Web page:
Here I am again, as I was Tuesday, on a day of the week on which I otherwise no longer publish. But it's important to do this today.
As you know, I was angry and frustrated after weeks of non-help I had received from the company where my domains are registered, Dotster by name. The two biggest problems were that
- I was not receiving a lot of my email and
- What did arrive in the inbox would just willy-nilly up and disappear, never to be found again.
The stress was constant. I was missing regular subscriptions, personal email from friends, blog reader email, banking, medical information and more, including electronic billing. I've relied on that for more than a decade to make sure the lights stay on, insurance remains in force and all the rest.
Including, I might add, Dotster itself. Without email notification, I have only the vaguest idea when the ones I pay quarterly, semi-annually and annually are due because it's easy to lose track with so much time in between. I rely on those emails to pay on time.
At the end of my rope, last Friday, I posted my story and asked you, dear readers, to help out.
You responded fantastically, leaving messages on the Twitter and Facebook pages of Dotster and you succeeded. Late that afternoon, a company representative, Danny, telephoned me promising he would see that my problems were corrected.
He's a smart and pleasant guy and I had hopes that my troubles would soon be over but my subsequent contacts with the support staff through their boilerplate emails setting up a remote session to work on the fix would have been funny as a parody of bad customer service on Saturday Night Live.
But not so funny to me as I explained to you in Tuesday's followup post.
Your responses Tuesday were filled with your own support horror stories so I approached the session on Wednesday (yesterday) morning with hope but also prepared for disappointment.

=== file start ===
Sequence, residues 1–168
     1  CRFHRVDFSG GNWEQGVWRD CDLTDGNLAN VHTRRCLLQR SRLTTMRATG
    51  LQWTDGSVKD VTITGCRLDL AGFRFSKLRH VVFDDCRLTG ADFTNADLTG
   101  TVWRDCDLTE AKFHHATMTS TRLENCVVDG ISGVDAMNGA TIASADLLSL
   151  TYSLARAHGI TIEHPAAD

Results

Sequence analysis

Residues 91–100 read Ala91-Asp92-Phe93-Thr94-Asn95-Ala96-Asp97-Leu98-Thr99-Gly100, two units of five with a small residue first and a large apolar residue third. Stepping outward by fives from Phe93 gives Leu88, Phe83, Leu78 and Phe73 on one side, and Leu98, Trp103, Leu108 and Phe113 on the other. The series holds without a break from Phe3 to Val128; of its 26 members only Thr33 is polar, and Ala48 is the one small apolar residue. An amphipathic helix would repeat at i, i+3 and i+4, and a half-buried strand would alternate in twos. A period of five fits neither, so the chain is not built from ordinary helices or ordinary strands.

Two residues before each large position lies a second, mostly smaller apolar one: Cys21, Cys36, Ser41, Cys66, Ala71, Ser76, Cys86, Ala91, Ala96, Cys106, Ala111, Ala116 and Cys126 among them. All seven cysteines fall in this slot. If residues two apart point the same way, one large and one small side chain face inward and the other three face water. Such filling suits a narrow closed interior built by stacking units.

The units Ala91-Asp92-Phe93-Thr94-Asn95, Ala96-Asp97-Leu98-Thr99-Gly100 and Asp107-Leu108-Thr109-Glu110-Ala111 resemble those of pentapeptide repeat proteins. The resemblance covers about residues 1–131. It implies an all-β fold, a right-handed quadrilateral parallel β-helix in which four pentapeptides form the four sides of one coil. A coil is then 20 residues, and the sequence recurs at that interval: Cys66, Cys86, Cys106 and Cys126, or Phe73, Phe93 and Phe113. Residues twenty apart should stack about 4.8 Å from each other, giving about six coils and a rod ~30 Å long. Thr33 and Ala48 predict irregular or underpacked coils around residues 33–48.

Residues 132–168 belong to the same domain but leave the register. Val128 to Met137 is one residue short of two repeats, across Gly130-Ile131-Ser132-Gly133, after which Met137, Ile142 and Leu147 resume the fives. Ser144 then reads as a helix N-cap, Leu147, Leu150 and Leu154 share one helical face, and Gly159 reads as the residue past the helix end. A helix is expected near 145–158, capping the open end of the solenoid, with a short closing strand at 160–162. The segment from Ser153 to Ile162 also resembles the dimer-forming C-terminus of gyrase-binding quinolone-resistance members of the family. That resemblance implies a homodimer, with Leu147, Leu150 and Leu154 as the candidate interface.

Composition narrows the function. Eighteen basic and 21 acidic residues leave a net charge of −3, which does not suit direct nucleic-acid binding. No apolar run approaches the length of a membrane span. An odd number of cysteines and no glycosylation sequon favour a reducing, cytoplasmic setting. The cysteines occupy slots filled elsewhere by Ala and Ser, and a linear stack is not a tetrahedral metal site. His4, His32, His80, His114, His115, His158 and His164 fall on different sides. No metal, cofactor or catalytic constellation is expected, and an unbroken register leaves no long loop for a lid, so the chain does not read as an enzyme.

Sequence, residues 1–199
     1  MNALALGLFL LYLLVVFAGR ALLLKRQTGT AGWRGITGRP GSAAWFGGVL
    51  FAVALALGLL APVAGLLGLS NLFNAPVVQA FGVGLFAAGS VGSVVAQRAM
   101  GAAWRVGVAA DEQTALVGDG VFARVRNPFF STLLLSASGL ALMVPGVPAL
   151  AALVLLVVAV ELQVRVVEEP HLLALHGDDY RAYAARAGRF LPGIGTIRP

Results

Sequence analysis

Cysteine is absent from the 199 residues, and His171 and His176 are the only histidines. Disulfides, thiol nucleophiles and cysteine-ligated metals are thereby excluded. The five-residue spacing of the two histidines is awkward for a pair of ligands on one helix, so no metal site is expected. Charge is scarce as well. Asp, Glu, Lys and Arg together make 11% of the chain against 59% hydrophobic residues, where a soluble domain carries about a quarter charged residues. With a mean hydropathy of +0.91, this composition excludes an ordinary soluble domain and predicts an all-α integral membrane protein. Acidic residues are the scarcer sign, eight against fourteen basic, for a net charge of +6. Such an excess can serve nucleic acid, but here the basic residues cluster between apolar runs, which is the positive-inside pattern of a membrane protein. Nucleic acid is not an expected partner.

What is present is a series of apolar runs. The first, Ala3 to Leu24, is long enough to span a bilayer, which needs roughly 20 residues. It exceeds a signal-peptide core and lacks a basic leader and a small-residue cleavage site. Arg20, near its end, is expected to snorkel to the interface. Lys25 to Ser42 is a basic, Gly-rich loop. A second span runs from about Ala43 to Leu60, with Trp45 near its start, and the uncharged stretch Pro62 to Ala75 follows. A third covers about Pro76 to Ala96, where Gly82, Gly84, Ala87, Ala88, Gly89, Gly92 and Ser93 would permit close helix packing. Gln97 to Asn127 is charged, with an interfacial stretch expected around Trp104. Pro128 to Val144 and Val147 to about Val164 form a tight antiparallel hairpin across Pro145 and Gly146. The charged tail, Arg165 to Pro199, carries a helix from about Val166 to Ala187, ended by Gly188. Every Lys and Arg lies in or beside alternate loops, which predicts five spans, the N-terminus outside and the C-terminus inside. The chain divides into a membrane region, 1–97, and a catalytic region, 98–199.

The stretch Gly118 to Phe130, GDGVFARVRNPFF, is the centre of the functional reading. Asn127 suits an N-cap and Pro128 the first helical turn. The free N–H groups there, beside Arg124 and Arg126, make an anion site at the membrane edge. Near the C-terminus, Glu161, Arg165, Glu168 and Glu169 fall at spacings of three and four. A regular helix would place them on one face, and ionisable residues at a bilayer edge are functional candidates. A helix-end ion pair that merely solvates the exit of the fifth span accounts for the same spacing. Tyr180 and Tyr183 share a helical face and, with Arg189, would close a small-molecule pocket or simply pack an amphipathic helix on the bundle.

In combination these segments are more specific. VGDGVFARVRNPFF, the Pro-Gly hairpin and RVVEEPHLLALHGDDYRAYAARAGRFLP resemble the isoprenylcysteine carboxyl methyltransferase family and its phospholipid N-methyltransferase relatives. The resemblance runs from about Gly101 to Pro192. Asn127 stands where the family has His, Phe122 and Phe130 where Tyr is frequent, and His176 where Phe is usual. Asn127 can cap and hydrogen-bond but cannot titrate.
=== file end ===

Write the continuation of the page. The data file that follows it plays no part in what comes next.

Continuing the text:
In fact, I had already done the homework necessary to switch to a new domain registrar and change the domain mapping for the blogs. It is detailed, not necessarily easy and according to various sources, can take from a couple days to several weeks to complete.
For me, that was a desperate last resort.
The Dotster service helper was right on time, at 10AM yesterday. He and I communicated via a chat window for more than hour as he worked and he was remarkably good at explaining in words I could understand what he was doing.
He kept me informed of how he was testing, what might have caused the problems until he narrowed it down, and what I needed to do to help as the cursor moved around my screen seemingly on its own but definitely with purpose.
As it turned out, there were several errors working in concert that had screwed up everything but in the end, the problem was solved and we finished off our conversation thusly:
RONNI: Thank you so much for this. The only name this program gives me for you is "serviceman1" so - again, thank you, serviceman1. I greatly appreciate your work here.
SERVICEMAN1: Haha, my name is Warren. It was my pleasure. And I'll also be sending you a follow up in case you need anything else.
And so he did. Then, a few minutes later, Danny telephoned as promised to see how the session had gone. He had already spoken with serviceman1/Warren so it wasn't necessary for me to explain details.
Because I can't help myself in such situations, I mentioned to Danny that perhaps Dotster could improve their customer relations both on the phone and those ugly, off-putting emails.
He agreed and said that he and his team are using my service difficulty as a learning experience for their company.
So perhaps some customer service good, even if it is only one company, will come from my mess, your help in pressuring them and the professional response of Danny and serviceman1/Warren.
Wouldn't that be terrific.
Through this ordeal, I came to see that this is bigger than one person's trouble getting one non-functioning email fixed.
When we old folks were growing up, it was landline telephones and snailmail that were crucial to our daily lives. Fifteen years into the 21st century, it is mobile phones and email that we cannot, anymore, live without.
Pretty much all the business of our lives is conducted with these two services and when they are broken, life is broken. Bills don't arrive, appointments are missed, friends, acquaintances and businesses are left hanging without responses.
For that reason, companies from whom we purchase these services cannot blow us off when they break. In fact, in a perfect world, mobile phones and email would be public utilities, as closely regulated as water, natural gas, electricity, railroads, etc.
Well, that's a conversation for another day.
Meanwhile, thank you, dear readers for your help and thank you Danny and Warren of Dotster for coming through. I appreciate you all.